United States District Court, N.D. Illinois, Eastern Division
MEMORANDUM OPINION AND ORDER
I. Schenkier United States Magistrate Judge
Thomas O'Toole moves to compel the production of all
documents identified in Defendant Secretary of Labor Thomas
Perez's ("Secretary") Revised Privilege Log
(doc. # 65: PL's Mot.). The Secretary has now produced
some of the documents originally listed on the log, but
argues the Court should deny Mr. O'Toole's motion
because the remaining documents are protected by the
attorney-client privilege, work product doctrine, or
deliberative process privilege (doc # 67: Def.'s Resp.).
After reviewing the privilege log and conducting an in
camera review of the remaining documents in dispute, we
conclude each of the remaining documents is privileged and
protected from disclosure.
begin with a brief description of the case. Mr. O'Toole
brought this suit against Sharon A. Isaac, Gian-Thu Thi
Nguyen, Mary Gail Marcotte, and the Secretary (doc. # 20).
All defendants except the Secretary were dismissed on June
25, 2014 (Id.).
O'Toole is an employee in the Department of Labor
("DOL"), Bureau of Labor Statistics
("BLS"), working in the Chicago Regional Office
(doc. # 46: Amend. Ans, to Amend. Compl. ¶ 1). Mr.
O'Toole suffers from Diabetes Mellitus and has previously
received a recommendation from his doctor that he should eat
meals at regularly scheduled times (Id. ¶¶
27-28). Mr. O'Toole alleges that it is the policy of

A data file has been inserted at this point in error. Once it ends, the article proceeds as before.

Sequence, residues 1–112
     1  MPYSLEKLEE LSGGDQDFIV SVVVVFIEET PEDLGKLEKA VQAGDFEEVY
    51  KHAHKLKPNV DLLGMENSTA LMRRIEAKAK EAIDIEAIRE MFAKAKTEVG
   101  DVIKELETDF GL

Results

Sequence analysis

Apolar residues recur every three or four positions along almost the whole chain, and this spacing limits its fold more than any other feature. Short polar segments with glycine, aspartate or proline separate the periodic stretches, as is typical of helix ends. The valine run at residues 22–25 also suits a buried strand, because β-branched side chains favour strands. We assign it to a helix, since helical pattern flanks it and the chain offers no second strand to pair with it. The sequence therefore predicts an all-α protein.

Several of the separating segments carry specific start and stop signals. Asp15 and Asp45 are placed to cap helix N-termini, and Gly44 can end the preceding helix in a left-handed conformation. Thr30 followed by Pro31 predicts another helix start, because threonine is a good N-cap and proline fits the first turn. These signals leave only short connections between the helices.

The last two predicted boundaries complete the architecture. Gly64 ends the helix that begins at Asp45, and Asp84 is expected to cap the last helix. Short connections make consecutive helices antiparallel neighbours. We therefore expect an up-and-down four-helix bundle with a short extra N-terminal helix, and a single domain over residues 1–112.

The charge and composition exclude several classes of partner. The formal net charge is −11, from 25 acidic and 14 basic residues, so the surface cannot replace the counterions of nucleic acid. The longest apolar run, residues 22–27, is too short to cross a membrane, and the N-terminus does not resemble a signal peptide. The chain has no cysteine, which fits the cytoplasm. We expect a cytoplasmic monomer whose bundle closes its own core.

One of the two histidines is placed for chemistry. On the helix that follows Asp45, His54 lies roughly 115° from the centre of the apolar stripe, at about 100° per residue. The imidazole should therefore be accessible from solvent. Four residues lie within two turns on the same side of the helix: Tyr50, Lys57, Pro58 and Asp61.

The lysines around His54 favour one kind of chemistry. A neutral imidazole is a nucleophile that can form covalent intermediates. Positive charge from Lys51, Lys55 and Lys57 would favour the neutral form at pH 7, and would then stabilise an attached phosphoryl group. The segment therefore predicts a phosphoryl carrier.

BLS's Chicago Regional Office to require employees to
work through meals and outside of normal duty hours, which
interfered with his ability to eat meals on a regular
schedule and affected his blood glucose levels. Mr.
O'Toole alleges that, as a result, he experienced an
uncontrolled diabetic state in June 2012 (doc. # 33: Amend.
Compl. ¶¶ 29-31). Mr. O'Toole alleges that he
sought a reasonable accommodation in June 2012, which was
denied (Id. ¶¶ 31-32; Amend. Ans. to
Amend. Compl. ¶¶ 31-32). Mr. O'Toole claims
that the denial of his requested accommodation constituted a
violation of the Rehabilitation Act (Amend. Compl.
¶¶ 26, 31-33). Mr. O'Toole claims the Secretary
then harassed and retaliated against him in violation of the
Rehabilitation Act by allegedly subjecting him to heightened
scrutiny, disciplinary charges, and fabricating errors on his
evaluation forms; denying a within grade pay increase;
placing him on administrative leave on June 9, 2014; and
removing him from his position on August 15, 2014
(Id. ¶¶ 34-44). Mr. O'Toole also
alleges that the Secretary violated his duty to preserve
evidence relevant to his Equal Employment Opportunity
("EEO") claim and the present action, and also
willfully destroyed and tampered with official government
records (Id. ¶¶ 45-48).
of the discovery process, the Secretary served a log on Mr.
O'Toole identifying documents withheld from production
based on the assertion of privilege. This Court ordered the
Secretary to serve on Mr. O'Toole a revised privilege log